Laboratory investigation and blood cultures


By immunofluorescence antibodies were found for nephropathia epidemica (NE) at a titre of 512 (IgG); the titre for the Hanta type (Korean haemorrhagic fever) was 128 (IgG). By ELISA, with nucleocapsid antigen, the IgG titre for NE was 3212 units (normal below 100). IgM antibodies to NE and Hantaan were also detected. The IgG titre for Hanta type was only 88 units (normal below 100). of the virus.

Upon questioning the patient said that before


he had

regularly walked his dog in forested areas. The acute renal failure in this case represents oligosymptomatic haemorrhagic fever with renal syndrome. We suggest that Hantavirus infection be excluded by serology in every case of acute renal failure of unknown origin. Departments of Medicine/Nephrology and Virology, University of Heidelberg, 6900 Heidelberg 1, Germany


1. Lähdevirta J.

Nephropathia epidemica in Finland: a clinical, histological epidemiological study. Ann Clin Res 1971; 3 (suppl 8): 1-154.


2. Editorial. Hantavirus disease. Lancet 1990; 336: 407. 3. van der Groen G. Haemorrhagic fever with renal syndrome: recent developments. Ann Soc Belge Med Trop 1985; 65: 121-35. 4. van Ypersele de Strihou CG, van der Groen G, Desmyter J. Nephropathie à Hantavirus en Europe occidentale: ubiquite des fièvres hèmorrhagiques avec syndrome renal. In: Crosnier J, Funck-Brentano J-L, Bach J-F, Grunfeld J-P, eds. Acutalités nephrologiques de l’Hôpital Necker. Paris: Flammarion, 1985.

Cryptococcus neoformans var gattii SIR,-Dr Ellis and Ms Pfeiffer (Oct 13, p 923) provide a fascinating of the ecology of Cryptococus neoformans var gattii. Cryptococcal meningitis is the commonest cause of chronic meningitis in adults admitted to Port Moresby General Hospital, Papua New Guinea, with 129 confirmed cases between 1978 and 1987.15of 6 isolates tested at this hospital proved to be C neoformans var gattii. There has been no evidence of immunosuppression (including HIV infection) in Papua New Guinea patients with cryptococcal meningitis, but the reported lower virulence of C neoformans var gattii has not been noted. All the patients with the 5 confirmed isolates had severe meningitis-3 had papillitis on fundoscopy, and 2 died during the first admission. The river red gum, Eucalyptus camaldulensis, is unlikely to be the host tree for C neoformans var gattii in Papua New Guinea since it is not indigenous to this country.2 An attempt to introduce the species in the Whagi Valley has been unsuccessful. Three indigenous eucalypts are common in the Papuan region where most cases of cryptococcus are seen: E papuana, E alba, and E confertiflora.2 These three species are also indigenous in Australia but are 3 restricted to the northern regions The possibility therefore arises that one or more of these eucalypts, besides E camaldulensis, is host to C neoformans var gattii in the Northern Territory where there is a high frequency of this infection in Australian aboriginals.4 account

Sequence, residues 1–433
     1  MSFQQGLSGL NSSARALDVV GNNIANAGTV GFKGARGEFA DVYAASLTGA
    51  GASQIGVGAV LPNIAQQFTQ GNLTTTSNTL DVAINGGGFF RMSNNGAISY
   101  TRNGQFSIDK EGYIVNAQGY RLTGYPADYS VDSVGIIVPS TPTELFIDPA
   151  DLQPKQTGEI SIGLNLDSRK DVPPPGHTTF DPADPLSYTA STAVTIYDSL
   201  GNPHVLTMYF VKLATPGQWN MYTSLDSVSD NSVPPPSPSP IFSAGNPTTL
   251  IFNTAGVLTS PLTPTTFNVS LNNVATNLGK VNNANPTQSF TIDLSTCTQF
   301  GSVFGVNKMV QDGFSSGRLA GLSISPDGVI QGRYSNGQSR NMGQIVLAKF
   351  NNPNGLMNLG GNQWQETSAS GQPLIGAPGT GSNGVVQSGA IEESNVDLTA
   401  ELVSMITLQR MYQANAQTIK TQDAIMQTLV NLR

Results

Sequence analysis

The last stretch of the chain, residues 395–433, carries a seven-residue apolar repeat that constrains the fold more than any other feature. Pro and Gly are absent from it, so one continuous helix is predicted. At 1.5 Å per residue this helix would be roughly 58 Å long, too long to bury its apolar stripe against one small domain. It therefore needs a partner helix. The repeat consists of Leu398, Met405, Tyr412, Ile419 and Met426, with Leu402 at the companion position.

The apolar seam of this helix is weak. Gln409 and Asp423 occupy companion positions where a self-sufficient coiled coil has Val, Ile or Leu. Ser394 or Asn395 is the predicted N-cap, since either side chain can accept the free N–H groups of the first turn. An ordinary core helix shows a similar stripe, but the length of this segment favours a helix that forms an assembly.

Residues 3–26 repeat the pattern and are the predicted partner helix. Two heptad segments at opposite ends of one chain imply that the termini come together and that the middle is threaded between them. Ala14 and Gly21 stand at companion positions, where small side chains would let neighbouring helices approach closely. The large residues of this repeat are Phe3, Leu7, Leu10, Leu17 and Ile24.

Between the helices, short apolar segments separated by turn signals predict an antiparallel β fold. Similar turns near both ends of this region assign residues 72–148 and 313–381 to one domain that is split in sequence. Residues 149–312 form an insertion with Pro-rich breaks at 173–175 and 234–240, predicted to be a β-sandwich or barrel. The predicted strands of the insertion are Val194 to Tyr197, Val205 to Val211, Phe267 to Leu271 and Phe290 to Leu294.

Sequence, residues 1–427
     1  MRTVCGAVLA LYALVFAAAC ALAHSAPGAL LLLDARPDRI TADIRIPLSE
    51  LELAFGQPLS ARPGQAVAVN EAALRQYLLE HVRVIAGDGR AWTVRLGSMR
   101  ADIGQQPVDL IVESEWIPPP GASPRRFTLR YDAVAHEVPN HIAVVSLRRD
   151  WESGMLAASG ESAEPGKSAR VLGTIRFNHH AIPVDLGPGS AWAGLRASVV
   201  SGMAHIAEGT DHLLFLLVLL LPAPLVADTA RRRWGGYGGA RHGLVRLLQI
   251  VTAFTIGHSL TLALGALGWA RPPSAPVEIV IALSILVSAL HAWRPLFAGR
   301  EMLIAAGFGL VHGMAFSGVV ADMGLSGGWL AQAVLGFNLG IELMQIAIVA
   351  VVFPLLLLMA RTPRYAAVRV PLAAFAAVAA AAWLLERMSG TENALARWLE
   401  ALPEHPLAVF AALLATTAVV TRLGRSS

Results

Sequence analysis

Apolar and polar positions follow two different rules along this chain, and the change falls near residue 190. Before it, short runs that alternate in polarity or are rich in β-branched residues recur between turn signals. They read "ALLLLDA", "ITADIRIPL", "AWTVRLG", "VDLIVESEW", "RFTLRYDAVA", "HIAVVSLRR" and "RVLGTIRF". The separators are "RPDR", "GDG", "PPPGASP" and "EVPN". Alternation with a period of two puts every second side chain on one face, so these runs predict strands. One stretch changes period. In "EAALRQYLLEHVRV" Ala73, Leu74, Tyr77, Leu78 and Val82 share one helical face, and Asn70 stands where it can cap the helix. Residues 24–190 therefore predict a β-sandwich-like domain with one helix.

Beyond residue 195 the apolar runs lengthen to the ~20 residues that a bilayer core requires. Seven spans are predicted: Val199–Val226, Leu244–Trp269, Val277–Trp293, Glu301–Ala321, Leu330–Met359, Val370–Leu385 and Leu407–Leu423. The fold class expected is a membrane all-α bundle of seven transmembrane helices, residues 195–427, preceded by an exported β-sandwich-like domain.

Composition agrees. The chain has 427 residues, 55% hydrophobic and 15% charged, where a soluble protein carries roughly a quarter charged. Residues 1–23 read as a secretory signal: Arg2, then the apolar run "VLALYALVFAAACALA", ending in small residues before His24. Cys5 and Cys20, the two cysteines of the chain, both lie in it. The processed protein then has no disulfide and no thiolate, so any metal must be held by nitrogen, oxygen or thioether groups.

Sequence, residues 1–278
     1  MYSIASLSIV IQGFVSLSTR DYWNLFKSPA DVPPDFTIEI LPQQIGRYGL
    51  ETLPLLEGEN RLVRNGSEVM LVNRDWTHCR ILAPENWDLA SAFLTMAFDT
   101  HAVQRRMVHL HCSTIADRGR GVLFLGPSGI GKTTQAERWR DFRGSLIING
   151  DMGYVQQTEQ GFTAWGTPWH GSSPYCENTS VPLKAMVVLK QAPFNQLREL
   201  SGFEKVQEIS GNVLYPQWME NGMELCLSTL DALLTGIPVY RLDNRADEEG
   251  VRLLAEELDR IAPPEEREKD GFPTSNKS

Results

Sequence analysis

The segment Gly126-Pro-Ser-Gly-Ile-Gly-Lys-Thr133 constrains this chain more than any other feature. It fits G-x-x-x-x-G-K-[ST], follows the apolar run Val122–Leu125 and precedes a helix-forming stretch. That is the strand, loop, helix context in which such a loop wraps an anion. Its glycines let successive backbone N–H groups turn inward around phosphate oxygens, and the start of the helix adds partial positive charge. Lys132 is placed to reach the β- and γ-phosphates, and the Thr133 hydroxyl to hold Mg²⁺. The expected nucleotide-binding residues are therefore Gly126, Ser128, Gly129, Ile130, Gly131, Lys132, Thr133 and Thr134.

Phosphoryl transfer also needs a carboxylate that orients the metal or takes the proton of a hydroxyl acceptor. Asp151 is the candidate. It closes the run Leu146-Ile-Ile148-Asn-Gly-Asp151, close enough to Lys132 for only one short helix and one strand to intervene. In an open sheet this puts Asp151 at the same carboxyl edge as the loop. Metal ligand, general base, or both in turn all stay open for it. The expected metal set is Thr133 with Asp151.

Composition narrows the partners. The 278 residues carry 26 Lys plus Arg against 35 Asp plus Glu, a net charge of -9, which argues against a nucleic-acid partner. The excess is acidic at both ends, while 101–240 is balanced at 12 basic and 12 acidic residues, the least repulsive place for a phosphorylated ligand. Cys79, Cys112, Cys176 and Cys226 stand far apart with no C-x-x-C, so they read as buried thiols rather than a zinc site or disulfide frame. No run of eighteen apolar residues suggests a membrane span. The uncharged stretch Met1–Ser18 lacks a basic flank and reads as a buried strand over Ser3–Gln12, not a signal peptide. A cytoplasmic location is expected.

Menzies School of Health Research, PO Box 41096, Casuarina, Northern Territory 0811, Australia


Conservation Commission, Northern Territory



Hospital for Infectious Diseases,

Fairfield, Victoria

Congenital hydrocephalus due to


septicaemia. Serological tests for systemic vasculitis were negative. Hantavirus serology proved recent infection with the Puumula type